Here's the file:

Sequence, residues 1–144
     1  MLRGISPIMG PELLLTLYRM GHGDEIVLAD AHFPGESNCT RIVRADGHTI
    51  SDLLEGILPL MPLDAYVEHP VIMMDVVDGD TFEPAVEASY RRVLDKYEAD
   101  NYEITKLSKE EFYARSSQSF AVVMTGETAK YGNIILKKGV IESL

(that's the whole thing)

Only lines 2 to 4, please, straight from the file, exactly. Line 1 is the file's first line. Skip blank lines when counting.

     1  MLRGISPIMG PELLLTLYRM GHGDEIVLAD AHFPGESNCT RIVRADGHTI
    51  SDLLEGILPL MPLDAYVEHP VIMMDVVDGD TFEPAVEASY RRVLDKYEAD
   101  NYEITKLSKE EFYARSSQSF AVVMTGETAK YGNIILKKGV IESL